So I just finished watching a talk from 31c3 about Geocities and this got me thinking about the past. I don’t mean in a nostalgic sort of way, though I am sure that there is a bit of that in this, but I mean just thinking about how the world and how the web has changed over the years.

Sites like Geocities represented another era. In the 90s people ran their own websites, sometimes hosted on their own servers, and more often hosted on sites like Geocities, Angelfire, and Tripod. I remember the first site I made; it was hosted on Tripod. When we moved away from Geocities and to places like Facebook we lost something incredible. Back then people communicated online via blogs, and websites, and mailing lists, and forums. Now we communicate using Google and Facebook and Instagram.

The web was more distributed back then. It was closer to that cypherpunk dream that we’ve always had. Back then doing things on the web meant having freedom. These days it means surrendering freedom.

Mailing lists, newsgroups, these things still exist, but I am hard pressed to find anyone other than myself who still uses them. Certainly forums still exist, but not nearly to the degree that they once did. Even forums often times make use of Facebook in order to reach their audiences more easily. Your Facebook page isn’t really your page. Sure it is a page about you, but it isn’t really yours. Myspace was a bit closer, but it still wasn’t quite the same as hosting your own.

I guess that is what I am really getting at. The types of communities that we have now are different. They are centralised and censored. When you ran your own forum or your own blog you could say whatever you want about whatever you wanted. You could choose to be anonymous or choose not to be. Hell you could choose to have multiple identities if you wanted to even.

There was a level of creativity found in these sorts of places that is not these days found either. One doesn’t have to wander far into Tripod or Angelfire or the Geocities archives to realise that people there weren’t just making webpages they were making art. Sure the art sucked, but I’d rather have terrible art than none at all. If you’ve seen one Facebook page, you’ve seen them all.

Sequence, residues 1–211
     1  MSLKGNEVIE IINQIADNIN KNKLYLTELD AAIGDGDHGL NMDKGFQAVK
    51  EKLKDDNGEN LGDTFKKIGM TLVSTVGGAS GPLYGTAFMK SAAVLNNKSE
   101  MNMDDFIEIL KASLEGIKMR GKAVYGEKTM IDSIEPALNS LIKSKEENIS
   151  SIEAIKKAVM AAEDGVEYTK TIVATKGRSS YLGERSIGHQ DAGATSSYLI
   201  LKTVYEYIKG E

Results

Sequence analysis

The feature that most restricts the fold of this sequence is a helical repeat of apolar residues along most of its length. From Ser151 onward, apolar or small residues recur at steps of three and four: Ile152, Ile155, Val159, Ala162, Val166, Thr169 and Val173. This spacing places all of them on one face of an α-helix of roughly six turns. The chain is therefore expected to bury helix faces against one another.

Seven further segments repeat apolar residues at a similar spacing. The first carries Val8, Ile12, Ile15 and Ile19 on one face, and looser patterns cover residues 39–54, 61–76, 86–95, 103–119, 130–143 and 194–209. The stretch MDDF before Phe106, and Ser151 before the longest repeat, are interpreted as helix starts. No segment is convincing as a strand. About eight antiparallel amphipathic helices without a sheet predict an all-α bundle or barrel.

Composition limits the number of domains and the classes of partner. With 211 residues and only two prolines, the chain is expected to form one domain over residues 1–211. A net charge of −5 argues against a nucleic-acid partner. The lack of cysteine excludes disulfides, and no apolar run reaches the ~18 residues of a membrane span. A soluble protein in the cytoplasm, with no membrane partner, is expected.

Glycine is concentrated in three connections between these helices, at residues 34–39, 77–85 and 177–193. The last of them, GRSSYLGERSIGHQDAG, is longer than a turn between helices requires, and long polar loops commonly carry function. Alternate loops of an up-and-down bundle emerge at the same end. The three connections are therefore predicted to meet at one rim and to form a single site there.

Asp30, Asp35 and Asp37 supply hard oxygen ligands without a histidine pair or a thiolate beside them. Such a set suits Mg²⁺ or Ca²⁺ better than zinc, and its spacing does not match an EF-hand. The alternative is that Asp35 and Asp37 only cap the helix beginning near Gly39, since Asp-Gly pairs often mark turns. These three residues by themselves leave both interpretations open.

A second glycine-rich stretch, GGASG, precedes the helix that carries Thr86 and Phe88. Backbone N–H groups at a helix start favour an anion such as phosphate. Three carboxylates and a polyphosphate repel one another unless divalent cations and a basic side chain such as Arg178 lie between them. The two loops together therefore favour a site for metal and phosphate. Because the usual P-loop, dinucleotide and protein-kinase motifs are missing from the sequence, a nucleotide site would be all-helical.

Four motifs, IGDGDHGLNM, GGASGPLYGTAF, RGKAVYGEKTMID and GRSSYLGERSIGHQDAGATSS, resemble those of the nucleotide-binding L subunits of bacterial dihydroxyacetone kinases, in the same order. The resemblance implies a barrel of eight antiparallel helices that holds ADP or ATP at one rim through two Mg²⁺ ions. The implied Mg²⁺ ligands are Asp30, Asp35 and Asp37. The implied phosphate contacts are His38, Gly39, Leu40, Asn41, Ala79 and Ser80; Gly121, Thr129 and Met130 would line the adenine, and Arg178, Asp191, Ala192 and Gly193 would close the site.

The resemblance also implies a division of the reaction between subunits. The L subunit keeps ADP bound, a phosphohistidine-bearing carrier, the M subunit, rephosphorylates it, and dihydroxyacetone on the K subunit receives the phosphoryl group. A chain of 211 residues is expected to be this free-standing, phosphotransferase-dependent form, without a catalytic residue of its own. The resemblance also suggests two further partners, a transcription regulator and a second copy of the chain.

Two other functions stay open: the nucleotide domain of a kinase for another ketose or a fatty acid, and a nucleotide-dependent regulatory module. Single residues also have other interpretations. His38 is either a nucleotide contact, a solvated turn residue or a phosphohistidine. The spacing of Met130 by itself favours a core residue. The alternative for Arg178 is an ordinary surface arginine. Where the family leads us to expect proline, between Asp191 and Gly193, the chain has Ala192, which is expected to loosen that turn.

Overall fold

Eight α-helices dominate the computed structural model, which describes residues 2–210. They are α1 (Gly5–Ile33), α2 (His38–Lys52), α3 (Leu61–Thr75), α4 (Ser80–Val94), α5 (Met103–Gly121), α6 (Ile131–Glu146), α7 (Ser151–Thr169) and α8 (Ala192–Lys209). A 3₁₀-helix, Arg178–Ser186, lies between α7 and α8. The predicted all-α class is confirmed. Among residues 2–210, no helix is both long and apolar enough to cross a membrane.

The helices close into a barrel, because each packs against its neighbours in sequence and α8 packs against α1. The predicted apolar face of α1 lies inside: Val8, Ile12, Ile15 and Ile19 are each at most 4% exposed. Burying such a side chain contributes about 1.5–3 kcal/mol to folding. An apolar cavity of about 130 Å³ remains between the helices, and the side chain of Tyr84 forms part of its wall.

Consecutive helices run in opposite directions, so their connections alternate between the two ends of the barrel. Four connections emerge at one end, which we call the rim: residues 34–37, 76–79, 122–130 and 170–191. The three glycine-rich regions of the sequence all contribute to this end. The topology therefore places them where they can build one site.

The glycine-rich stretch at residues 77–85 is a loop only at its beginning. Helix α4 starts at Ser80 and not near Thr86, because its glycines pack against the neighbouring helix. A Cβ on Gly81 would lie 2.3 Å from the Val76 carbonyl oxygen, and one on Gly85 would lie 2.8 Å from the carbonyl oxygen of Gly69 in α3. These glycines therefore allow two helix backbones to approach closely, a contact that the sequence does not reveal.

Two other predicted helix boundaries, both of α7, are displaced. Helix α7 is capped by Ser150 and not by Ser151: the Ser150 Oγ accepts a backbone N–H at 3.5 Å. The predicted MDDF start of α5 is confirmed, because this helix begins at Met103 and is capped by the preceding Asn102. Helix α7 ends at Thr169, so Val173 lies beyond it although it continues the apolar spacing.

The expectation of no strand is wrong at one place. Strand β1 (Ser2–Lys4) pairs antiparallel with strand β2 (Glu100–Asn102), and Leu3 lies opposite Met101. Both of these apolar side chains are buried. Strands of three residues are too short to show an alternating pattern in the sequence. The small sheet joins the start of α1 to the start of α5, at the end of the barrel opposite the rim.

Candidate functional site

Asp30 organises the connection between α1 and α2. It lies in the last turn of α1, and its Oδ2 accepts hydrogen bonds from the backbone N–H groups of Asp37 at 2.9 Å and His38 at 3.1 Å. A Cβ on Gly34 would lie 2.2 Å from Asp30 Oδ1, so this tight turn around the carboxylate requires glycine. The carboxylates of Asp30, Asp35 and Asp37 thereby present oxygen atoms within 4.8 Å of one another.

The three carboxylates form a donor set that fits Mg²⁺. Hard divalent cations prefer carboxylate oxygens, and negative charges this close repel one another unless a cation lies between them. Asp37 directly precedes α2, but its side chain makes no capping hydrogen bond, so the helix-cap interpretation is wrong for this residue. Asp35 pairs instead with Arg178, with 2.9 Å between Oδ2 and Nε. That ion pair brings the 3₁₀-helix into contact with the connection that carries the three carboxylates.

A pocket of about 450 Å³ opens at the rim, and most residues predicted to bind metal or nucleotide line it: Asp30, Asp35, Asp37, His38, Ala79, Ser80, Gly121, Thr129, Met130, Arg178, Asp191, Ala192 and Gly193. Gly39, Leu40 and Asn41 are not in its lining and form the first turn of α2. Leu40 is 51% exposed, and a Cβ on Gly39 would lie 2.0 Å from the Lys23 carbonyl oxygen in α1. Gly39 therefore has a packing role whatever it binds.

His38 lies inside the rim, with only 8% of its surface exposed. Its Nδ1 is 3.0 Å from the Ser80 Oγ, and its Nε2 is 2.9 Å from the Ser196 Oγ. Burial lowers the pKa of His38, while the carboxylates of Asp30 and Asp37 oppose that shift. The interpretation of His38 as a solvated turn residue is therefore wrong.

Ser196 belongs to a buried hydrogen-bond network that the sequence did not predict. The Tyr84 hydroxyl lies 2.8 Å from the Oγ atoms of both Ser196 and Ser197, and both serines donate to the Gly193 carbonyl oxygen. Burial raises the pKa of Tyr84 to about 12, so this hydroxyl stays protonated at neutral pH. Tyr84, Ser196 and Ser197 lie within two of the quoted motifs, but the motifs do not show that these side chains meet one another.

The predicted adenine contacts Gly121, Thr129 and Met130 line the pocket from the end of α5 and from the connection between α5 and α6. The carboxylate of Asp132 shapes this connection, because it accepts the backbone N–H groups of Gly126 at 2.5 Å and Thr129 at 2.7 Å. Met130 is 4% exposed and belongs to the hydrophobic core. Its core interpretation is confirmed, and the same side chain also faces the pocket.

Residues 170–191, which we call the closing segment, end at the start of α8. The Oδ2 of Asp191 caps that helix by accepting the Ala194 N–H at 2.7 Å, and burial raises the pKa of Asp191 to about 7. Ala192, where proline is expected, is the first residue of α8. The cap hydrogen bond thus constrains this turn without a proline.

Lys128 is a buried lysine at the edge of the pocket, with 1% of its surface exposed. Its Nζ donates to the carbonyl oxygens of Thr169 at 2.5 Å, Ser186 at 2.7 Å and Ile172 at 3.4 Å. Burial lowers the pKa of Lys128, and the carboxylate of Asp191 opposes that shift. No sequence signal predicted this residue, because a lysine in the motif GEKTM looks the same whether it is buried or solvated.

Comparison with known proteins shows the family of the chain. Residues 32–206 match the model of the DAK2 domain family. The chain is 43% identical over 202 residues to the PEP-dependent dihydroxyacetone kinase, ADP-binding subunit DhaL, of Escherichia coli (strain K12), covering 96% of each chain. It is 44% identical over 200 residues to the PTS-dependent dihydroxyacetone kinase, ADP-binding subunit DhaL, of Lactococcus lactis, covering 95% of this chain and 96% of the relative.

I don’t know. Perhaps I am just being nostalgic. Regardless, I’d like to see us move backwards to move forwards. I’d like to see the random Joe off the street try his hand at making a webpage. I’d like to see federations of private forums connected in webrings. I’d like to see mailing lists where people discussed their passions. These things meant something. More than a Facebook page anyways.

You can download the talk that inspired this rant here or watch it online here.

The Siege of Leningrad and Rescue Workers

Vincent Cochetel just gave a TED talk about when he was held for 317 days during the Chechen Wars. The talk was very strong and very touching. In it he asks why we don’t care more about aid workers. I don’t really have much to say about the talk beyond that it is definitely worth watching.

Towards the end of the talk he mentioned a phrase: “No one is forgotten, nothing is forgotten.” I went looking for the origin of the phrase and found that it can be attributed to Olga Bergholz, a Soviet poet who lived between 1910 and 1975. She became popular during the Siege of Leningrad and wrote the poem that is inscribed on the Motherland monument at the Piskaryovskoye Memorial Cemetery, a cemetery dedicated to those who died during the Siege of Leningrad.

The poem is beautiful and I have reproduced it below.

Here lie Leningraders

Here are citydwellers – men, women, and children
And next to them, Red Army soldiers.
They defended you, Leningrad,
The cradle of the Revolution
With all their lives.
We cannot list their noble names here,
There are so many of them under the eternal protection of granite.
But know this, those who regard these stones:
No one is forgotten, nothing is forgotten.

Coming Out Sim